This recorded version of Om Namah Shivaya is also a ‘pranayama’, breathwork that controls the number of breaths per minute. It is led by Gurudev Sri Sri Ravi Shankar, founder of the Art of Living Foundation. See if you know which instrument is in the background as you sing and breathe along.  

  1. Devi Kavacham. This beautiful chant referred to as ‘spiritual armor’ is the perfect example of music with mantras where there is literally nothing to do, just listen and allow the vibrational qualities of Devi Kavacham wash over you like a sound bath.

  2. Radhe Govinda. Well-known kirtan musician, Krishna Das, uses ‘call and response’ for this bhajan that stirs the heart. Singing along or sitting and listening, Radhe Govinda can have a profound effect on your consciousness.

  3. Krishna Govinda. Just for fun- try the band, So What Project’s music with mantras Krishna Govinda. So What Project created and popularized Yoga Raves, parties that feature yoga, music with ancient mantras, dance, and meditation. How does a rocking bhajan bring you to a calm meditative state? Ecstatic dancing! Sing and dance like no one is watching, then sit with your eyes closed and enjoy a peaceful meditation. 

Meditating with music

Although there are undoubtedly many benefits of using music for meditation, depending upon your meditation goals and level of experience, some guidelines would be helpful. Here are three reasons when it makes the most sense to use meditative music.

  1. You’re a newbie. Using relaxing music to start a new meditation practice makes a lot of sense, especially if you are using a guided meditation that helps lead the mind into meditation itself. Remember earlier when I mentioned music could take us to other worlds? The pitfall here is that sometimes music can cause us to think more rather than less. If you find yourself having a ‘thought’ fest, you may want to consider other options for your meditation practice.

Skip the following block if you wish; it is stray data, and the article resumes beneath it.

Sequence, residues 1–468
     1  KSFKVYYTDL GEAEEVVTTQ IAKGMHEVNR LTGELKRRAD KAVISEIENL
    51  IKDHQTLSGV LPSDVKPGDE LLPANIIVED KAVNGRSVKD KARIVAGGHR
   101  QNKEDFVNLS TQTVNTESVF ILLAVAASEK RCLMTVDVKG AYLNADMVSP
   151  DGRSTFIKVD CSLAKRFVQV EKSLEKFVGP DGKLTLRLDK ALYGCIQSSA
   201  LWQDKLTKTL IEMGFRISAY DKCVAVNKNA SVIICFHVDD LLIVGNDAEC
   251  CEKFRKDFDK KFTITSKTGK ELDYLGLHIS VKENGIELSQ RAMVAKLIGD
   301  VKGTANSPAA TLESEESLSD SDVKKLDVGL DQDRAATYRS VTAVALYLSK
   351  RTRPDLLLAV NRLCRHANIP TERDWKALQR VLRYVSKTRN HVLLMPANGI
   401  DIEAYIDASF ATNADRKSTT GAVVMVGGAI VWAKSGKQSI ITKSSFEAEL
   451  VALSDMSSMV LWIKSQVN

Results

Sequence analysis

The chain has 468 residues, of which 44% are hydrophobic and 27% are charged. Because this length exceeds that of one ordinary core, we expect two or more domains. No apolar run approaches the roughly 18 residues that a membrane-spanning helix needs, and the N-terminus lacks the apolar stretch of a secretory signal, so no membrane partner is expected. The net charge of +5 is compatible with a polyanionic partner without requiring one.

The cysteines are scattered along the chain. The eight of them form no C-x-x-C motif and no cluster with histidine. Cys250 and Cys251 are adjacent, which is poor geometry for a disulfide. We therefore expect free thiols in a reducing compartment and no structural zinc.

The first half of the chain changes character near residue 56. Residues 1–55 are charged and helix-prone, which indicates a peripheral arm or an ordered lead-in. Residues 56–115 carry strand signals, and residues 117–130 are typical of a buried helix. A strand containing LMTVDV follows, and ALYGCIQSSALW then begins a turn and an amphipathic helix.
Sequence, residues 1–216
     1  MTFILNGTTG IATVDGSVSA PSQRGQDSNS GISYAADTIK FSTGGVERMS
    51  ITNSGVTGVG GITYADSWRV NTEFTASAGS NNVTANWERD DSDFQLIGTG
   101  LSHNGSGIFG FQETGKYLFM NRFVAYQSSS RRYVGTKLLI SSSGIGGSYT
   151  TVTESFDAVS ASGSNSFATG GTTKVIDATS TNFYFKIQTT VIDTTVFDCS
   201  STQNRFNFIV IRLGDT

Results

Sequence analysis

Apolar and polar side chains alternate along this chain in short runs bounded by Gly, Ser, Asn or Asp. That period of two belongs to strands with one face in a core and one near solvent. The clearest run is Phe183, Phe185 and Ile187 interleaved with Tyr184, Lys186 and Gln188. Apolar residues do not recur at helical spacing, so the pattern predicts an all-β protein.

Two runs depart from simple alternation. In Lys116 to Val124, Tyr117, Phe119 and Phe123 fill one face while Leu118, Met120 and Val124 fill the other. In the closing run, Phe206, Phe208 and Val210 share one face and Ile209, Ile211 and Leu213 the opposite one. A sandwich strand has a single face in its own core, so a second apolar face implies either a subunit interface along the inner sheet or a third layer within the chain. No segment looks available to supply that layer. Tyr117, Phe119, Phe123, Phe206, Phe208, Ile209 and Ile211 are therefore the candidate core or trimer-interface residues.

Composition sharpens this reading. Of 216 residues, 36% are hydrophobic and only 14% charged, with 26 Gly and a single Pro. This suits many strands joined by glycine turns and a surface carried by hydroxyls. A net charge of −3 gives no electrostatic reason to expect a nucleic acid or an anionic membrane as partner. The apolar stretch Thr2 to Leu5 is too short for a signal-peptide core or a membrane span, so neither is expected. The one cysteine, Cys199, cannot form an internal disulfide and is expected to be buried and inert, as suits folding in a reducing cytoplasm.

2. You can’t sit still. If too much tension, anxiety, or fidgeting is an issue, music, whether classical or other instrumental music can give you the beginning stages of relaxation and better prepare you for meditation. You might want to consider using a meditation app like Sattva, which has a large library of music with mantras that you can also set the amount of time you want to listen. Using a timer limiting the time you are dependent upon using music for meditation may actually lead to more independence and a deeper meditation experience overall. 

Bonus tip: Try some yoga before sitting for meditation or better yet learn SKY Breath Meditation, a breathwork-based meditation practice for a deep and profound experience of inner peace that also has 100+ studies on the health benefits.

  1. You don’t have your own meditation technique. Mantra music and other meditative music can in no way substitute the power of having a personal mantra given to you by a trained meditation instructor. This is a meditation technique of a higher caliber yielding greater benefits ranging from stress relief to personality development and so much more. To learn more about a mantra-based meditation technique, Sahaj Samadhi Meditation, click here.


Meditation with music, with or without ancient mantras, can be helpful in healing ourselves and definitely increase relaxation, but we should at some point just let go and spend some time in stillness, embracing silence. In more than 40 years of using an effortless, mantra-based meditation technique and 25 plus years of practicing SKY Breath Meditation, I rely on my mantra and my breath for the vast majority of my meditation needs. And for a different experience, occasionally I enjoy meditating with music! Now you can choose how you want to meditate, with or without music, to the beat of your own drum!

For more information about what is taught in SKY Breath Meditation, you can join a FREE, live online session, Beyond Breath, with a meditation instructor.

Denise Everheart is a freelance writer, meditation coach, and recipe designer. Follow her @everheartstudio4meditation and @celeplateyourlife on Instagram.